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Two poems for Gettysburg

By Catherine Woodard
updated 3:26 PM EST, Tue November 19, 2013
A crowd gathers to hear President Abraham Lincoln deliver the Gettysburg Address on November 19, 1863. Lincoln is seen in the center, just to the left of the bearded man with a top hat. A crowd gathers to hear President Abraham Lincoln deliver the Gettysburg Address on November 19, 1863. Lincoln is seen in the center, just to the left of the bearded man with a top hat.
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Photographs of the Gettysburg Address
Photographs of the Gettysburg Address
Photographs of the Gettysburg Address
Photographs of the Gettysburg Address
Photographs of the Gettysburg Address
Photographs of the Gettysburg Address
Photographs of the Gettysburg Address
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(CNN) -- Editor's note: Catherine Woodard is a poet and former newspaper and new media journalist. Woodard worked to return Poetry in Motion to the NYC subways and is a board member of the Poetry Society of America.

Catherine Woodard
Catherine Woodard

Gettysburg -- that long, bloody battle in July 1863 is forever seared into the American psyche and continues to draw visitors to its historic field in Pennsylvania. Among them is poet Catherine Woodard, who visited Gettysburg last summer, the 150th anniversary of that decisive Civil War battle.

For the 150th anniversary of President Abraham Lincoln's Gettysburg Address, she wrote two poems.

Gettysburg

Gen. Daniel Sickles takes his amputated
leg home in a barrel of whiskey. Takes

credit for the Union victory
when Lincoln visits three days later.

Rep. Sickles (D-NY) works the missing leg
even better than the one still attached.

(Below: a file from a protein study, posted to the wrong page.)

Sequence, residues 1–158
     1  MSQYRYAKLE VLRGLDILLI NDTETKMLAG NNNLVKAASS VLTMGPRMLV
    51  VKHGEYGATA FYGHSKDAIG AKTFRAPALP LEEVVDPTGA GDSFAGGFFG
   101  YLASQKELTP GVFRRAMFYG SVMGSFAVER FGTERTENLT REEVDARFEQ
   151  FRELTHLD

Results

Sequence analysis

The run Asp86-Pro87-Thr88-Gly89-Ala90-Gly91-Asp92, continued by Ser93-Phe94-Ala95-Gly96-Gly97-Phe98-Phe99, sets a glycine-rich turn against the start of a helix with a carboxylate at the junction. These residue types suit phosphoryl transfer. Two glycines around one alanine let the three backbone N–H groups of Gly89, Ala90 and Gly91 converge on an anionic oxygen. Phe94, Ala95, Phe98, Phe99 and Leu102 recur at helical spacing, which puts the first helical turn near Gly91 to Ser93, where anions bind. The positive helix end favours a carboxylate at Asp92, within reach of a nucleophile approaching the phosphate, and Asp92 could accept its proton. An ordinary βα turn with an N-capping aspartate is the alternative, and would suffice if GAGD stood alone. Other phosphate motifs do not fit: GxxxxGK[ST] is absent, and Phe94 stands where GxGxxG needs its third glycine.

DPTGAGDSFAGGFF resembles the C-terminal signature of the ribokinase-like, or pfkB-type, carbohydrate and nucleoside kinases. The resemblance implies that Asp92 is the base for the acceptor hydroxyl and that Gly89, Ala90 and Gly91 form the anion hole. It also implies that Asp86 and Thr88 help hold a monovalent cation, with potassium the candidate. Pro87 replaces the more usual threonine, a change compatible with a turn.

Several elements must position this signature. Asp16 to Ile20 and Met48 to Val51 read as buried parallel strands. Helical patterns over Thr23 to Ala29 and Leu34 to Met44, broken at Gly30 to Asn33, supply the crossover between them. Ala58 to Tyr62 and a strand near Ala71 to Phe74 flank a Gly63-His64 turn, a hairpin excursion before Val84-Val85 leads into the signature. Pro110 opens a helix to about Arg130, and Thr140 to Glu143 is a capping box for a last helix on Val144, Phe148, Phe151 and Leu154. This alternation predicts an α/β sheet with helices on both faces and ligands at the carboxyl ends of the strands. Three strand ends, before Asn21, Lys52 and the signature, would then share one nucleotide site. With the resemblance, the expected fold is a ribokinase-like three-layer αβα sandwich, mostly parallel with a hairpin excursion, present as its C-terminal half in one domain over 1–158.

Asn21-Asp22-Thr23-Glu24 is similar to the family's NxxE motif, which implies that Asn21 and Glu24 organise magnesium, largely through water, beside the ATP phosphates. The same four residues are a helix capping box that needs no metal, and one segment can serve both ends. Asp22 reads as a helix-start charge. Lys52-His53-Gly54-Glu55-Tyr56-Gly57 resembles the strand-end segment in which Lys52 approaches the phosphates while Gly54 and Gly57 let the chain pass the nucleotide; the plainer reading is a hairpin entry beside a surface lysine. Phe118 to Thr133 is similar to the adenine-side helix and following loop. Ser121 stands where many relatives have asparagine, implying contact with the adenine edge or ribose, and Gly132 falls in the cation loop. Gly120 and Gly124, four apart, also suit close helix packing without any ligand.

He nominates himself for a Medal of Honor,
hitched to a bill to hallow Gettysburg

where he sent 10,000 New York boys --
against orders -- down from Cemetery Ridge

to a peach orchard, then out to meet the Rebs.
On the 150th anniversary of the battle,

two sweaty brothers squirm on Little Round Top
in midday sun, oblivious to parents and tour guide.

They wear blue Union caps, struggle
to attach plywood bayonets to replica rifles.

+++

"To care for him who shall have borne the battle"

-- Abraham Lincoln, second inaugural address

Vets back from Iraq or Afghanistan
still file paper claims.

They wait hundreds of days
to find out how much PTSD or lost limbs

are worth to a country that launches --
in seconds -- drones half a world away.

The president,
reelected by digital data-mining,

promises to trim the wait --
by the later years of his second term.

No date set for VA computers
to speak the digital language of Defense.

The second floor sags in a veterans' office
in North Carolina, blamed partly

on expanded eligibility for Agent Orange,
though many decades late. Red twill tape

once bound the evidence pending review,
lending a color to complaint.

Now it's modern manila folders;
a million vets wait.

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